Linux in a Windows World/Preface
(Initial conversion from Docbook)
Hardly a day goes by when Linux doesn't make the news. Judging by the buzz, you might think that Linux is poised for world domination—the stated goal for Linux in a now-famous quip by its creator, Linus Torvalds. In truth, Linux still faces numerous challenges before it can dominate the computing world, much less the world at large. One of these challenges is the huge installed base of Microsoft Windows systems. As a practical matter, Linux must coexist with these systems. Indeed, the challenge of coexisting with Windows can be viewed as an opportunity: Linux can be integrated into a Windows network, providing a reliable and low-cost platform on which to run vital services for Windows systems, or even serving as a workstation on an otherwise Windows-dominated network.
This book is dedicated to describing this opportunity for Linux. If you're reading this Preface, chances are you work with a Windows-dominated network but know something about Linux and wonder how you can best use Linux to improve your Windows network. In broad strokes, you can replace Windows servers, supplement Windows servers with Linux servers, use Linux to implement new services you don't currently run, deploy Linux-based thin clients, or migrate some or all of your Windows desktop systems to Linux. This book provides guidance about how to accomplish these tasks, with an emphasis on Linux in the role of network server operating system (OS).
This book will help you reduce costs and improve reliability by describing how several common Linux programs and protocols—Samba, OpenLDAP, VNC, BIND, and so on—can be integrated into a Windows network. This book provides enough information to get any of these programs up and running, provided you've already got a working Linux system. Of course, a book of this size can't cover every detail; if you need to do very complex things, you'll need to consult other books or documentation. The relevant chapters provide pointers.
I've written this book with an administrator of a Windows network in mind, but with the assumption that you know the basics of Linux system administration. You might be uncertain of the details as to where Linux might fit into your network or how to get started configuring particular Linux server programs. That's where this book can help: it introduces the most cost-effective ways to add Linux to your network and describes the basics of how to get started configuring specific servers.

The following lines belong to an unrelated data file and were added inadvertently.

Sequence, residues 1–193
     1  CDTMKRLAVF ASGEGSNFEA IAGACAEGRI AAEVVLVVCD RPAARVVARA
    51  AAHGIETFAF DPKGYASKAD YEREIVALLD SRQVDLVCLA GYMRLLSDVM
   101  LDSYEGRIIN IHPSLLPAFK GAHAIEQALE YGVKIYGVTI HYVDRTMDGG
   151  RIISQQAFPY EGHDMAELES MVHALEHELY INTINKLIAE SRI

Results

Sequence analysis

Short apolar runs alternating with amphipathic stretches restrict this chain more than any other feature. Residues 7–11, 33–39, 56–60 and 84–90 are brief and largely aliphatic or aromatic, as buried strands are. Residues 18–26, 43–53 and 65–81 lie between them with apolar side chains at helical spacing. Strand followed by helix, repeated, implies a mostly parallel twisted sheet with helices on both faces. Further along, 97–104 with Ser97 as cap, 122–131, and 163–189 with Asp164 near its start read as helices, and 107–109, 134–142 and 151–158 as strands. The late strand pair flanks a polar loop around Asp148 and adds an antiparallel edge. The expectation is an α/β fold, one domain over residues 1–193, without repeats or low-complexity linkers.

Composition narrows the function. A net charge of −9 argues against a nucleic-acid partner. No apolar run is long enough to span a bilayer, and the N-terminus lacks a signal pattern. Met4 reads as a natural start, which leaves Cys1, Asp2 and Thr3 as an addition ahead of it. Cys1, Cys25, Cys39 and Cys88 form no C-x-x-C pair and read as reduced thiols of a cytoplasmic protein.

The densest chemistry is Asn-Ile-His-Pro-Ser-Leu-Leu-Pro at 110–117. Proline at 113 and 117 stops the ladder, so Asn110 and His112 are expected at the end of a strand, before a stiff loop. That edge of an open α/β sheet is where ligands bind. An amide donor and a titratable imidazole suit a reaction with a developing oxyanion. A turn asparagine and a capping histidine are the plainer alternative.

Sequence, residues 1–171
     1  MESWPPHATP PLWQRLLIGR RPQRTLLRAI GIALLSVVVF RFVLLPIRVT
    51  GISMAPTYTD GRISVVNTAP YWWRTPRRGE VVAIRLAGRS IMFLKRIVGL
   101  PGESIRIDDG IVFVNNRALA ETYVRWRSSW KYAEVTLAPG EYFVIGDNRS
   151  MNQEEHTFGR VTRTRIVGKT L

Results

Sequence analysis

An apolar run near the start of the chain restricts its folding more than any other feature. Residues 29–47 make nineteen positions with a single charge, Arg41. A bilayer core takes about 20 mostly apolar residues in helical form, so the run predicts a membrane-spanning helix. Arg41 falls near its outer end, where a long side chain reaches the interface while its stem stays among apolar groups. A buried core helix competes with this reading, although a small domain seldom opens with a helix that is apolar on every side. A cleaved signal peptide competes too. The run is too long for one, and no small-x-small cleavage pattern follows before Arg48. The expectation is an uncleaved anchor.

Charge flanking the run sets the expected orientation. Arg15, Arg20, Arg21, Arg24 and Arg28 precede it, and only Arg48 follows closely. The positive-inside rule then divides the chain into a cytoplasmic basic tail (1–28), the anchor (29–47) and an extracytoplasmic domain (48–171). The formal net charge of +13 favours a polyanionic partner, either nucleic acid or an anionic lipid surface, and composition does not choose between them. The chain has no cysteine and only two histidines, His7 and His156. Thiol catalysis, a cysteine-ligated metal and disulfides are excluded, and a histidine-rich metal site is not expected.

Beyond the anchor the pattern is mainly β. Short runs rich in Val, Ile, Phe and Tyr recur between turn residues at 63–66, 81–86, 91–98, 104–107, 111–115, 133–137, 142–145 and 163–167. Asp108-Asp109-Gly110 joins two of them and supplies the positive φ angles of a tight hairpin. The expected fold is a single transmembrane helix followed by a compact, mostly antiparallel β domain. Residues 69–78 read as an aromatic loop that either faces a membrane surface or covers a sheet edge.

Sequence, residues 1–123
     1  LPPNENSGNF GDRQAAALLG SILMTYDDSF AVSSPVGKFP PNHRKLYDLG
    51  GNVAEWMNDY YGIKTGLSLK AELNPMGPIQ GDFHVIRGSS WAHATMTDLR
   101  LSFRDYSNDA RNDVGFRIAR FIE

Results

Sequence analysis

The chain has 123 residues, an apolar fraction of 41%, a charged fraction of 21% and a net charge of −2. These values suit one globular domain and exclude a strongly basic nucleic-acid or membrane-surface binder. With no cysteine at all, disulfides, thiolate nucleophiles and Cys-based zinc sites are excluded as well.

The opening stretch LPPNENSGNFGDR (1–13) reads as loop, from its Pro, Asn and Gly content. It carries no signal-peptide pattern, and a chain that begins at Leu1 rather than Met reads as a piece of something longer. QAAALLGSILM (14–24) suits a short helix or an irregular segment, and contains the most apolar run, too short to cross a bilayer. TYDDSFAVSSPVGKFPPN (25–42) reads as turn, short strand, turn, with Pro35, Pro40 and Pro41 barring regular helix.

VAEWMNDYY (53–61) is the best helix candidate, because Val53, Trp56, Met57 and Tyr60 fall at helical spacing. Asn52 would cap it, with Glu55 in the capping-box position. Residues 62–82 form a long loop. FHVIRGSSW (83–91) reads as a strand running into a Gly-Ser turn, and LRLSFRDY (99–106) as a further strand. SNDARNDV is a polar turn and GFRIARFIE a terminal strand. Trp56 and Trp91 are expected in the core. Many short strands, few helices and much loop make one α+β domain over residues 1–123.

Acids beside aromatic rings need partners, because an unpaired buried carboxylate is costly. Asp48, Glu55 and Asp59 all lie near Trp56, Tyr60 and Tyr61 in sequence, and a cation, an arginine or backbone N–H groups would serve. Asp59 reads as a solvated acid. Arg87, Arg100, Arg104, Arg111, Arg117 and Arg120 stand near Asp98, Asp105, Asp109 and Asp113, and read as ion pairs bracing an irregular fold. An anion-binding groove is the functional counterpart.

If you're not already familiar with basic Linux system administration, you should consult a book on the topic, such as Running Linux (O'Reilly) or Linux System Administration (Sybex). Such books will help you with tasks ranging from installing Linux to recompiling your kernel.
You should be familiar with networking basics. Although I sometimes provide brief overviews of important prerequisite knowledge, this book doesn't dwell on the details of the TCP/IP stack or how best to lay out a network. Likewise, knowledge of your own network is vital; you shouldn't start adding servers to a network you don't understand. Perhaps you have little idea of how you want to deploy Linux, or perhaps you've got specific plans. If the former, reading the first couple of chapters of this book will give you a better idea of how Linux can be used. If you have well-formed plans, you can skip ahead to more relevant chapters, although reading the first couple of chapters may help you verify (or not verify) that your plans are reasonable.
Contents of This Book
This book is organized in five parts, plus two appendixes. If you want a good general grounding in how Linux can be deployed on a network, you can read this book cover to cover; however, most chapters are self-contained enough to be useful on their own. There are a few exceptions to this rule, though. As already noted, if you're not sure how to deploy Linux, you should read Part I for some basic tips. Chapter 4 (on Samba share definitions) depends on Chapter 3, so you should probably read those two sequentially. Likewise, the remaining chapters in Part II depend on Chapter 3. If you intend to use a remote authentication database from Linux rather than deploy Linux solely as the repository for such a database, you should read Appendix A with any of the chapters of Part III. Kerberos depends on all the systems having matching clocks, so you should read the NTP section of Chapter 15 in conjunction with Chapter 9. Some backup strategies described in Chapter 14 depend on Samba information, particularly as described in Chapter 3 and Chapter 4. These interdependencies are pointed out in the chapters themselves.